'I'm lovin' it', 'Have it your way', 'King of Beers', all slogans that most Americans are familiar with, but if several states vote to legalize marijuana next month then marijuana branding could become much more mainstream. The still new industry has created a plethora of competitive businesses, and the only way they'll last is good branding and marketing. The anti-marijuana movement is worried about the future of the marijuana industry, corporate marijuana, and all the advertising and pushing they will do for profit. Prop. 64, California's upcoming legalization initiative, has limits on marketing geared to protect minors under 21. If passed, certain symbols, language, music, and cartoons will be banned from all cannabis marketing, as well as billboards being banned within 1,000 ft of schools, playgrounds and youth centers.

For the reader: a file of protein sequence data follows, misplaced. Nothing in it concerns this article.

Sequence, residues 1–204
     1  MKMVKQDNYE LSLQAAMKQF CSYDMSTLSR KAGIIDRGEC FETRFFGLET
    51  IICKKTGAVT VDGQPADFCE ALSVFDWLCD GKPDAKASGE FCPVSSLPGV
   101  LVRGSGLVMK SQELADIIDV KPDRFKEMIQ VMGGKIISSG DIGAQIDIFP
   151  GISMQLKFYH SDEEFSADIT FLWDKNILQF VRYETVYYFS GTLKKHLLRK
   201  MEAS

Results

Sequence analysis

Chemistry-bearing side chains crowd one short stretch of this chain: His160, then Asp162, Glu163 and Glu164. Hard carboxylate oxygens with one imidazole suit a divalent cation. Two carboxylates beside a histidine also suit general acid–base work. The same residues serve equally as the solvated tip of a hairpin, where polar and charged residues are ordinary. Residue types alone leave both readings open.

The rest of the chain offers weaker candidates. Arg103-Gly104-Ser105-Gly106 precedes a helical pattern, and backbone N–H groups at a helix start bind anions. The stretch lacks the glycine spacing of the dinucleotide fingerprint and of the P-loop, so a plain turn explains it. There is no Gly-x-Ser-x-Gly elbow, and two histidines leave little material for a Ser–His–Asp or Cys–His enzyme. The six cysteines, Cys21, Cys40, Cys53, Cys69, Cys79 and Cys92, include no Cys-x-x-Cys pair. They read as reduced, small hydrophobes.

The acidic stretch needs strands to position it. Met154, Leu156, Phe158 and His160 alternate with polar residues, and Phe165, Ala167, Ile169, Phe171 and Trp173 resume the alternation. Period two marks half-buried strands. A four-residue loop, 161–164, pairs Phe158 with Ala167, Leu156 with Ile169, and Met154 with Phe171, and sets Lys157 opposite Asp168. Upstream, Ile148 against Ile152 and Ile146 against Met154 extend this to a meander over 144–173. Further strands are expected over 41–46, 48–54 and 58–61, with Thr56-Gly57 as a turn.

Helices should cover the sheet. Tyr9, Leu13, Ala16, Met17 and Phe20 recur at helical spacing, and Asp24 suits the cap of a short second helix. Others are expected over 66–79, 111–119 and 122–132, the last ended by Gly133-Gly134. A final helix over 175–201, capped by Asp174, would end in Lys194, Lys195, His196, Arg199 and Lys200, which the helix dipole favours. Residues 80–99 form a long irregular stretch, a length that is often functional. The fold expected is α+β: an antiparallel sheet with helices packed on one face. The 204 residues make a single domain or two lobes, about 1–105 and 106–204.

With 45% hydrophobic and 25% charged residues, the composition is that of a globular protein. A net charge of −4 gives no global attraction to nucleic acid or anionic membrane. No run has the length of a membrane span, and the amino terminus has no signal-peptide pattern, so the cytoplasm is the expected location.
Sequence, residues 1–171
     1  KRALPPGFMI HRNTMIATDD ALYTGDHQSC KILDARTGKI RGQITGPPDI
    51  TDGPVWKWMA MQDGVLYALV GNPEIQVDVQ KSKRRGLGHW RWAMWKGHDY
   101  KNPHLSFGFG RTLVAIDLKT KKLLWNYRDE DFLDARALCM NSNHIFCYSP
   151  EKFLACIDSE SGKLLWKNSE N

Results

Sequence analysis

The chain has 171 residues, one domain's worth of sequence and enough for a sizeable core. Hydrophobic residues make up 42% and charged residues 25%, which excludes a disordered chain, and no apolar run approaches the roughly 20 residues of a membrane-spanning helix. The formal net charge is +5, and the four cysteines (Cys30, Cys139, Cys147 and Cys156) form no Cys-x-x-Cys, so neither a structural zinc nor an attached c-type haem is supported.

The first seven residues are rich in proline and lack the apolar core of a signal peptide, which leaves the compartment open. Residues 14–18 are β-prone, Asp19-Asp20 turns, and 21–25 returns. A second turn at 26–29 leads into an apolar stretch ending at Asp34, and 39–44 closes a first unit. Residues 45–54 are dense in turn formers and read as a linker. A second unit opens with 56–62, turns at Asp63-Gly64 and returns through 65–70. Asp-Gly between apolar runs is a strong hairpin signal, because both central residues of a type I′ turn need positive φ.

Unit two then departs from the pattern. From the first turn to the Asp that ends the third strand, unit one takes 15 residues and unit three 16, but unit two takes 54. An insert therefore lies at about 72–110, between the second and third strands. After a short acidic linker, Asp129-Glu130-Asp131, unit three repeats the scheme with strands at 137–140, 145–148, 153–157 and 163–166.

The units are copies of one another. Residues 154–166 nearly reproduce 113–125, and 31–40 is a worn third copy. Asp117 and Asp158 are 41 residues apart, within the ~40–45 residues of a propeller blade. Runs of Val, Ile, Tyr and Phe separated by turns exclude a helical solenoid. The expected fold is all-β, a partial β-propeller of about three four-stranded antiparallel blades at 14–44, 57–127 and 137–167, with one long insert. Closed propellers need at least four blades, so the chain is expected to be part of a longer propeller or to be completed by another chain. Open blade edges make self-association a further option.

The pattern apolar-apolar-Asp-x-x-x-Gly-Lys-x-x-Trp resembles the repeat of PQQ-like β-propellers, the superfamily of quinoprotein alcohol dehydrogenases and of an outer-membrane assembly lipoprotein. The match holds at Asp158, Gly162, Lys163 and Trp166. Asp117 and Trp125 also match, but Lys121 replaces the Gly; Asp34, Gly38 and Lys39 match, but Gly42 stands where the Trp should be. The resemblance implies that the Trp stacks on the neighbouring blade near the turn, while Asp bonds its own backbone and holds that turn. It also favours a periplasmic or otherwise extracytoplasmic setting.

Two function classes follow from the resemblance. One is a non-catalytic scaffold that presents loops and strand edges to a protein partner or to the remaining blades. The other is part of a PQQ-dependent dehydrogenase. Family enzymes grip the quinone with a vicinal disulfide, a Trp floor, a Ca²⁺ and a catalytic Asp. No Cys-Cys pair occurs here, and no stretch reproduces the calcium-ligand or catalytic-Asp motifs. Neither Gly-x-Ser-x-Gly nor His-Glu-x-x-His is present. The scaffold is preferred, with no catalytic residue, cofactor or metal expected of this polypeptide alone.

Pot is illegal under federal law, meaning California residents probably won’t see television and radio ads for the drug in the near future. But things may change, and Prop. 64 opponents have criticized the measure for leaving the door open for such ads — which are permitted on television and radio broadcasts, as well as online and in print, as long as the typical audience is at least 71.6 percent adult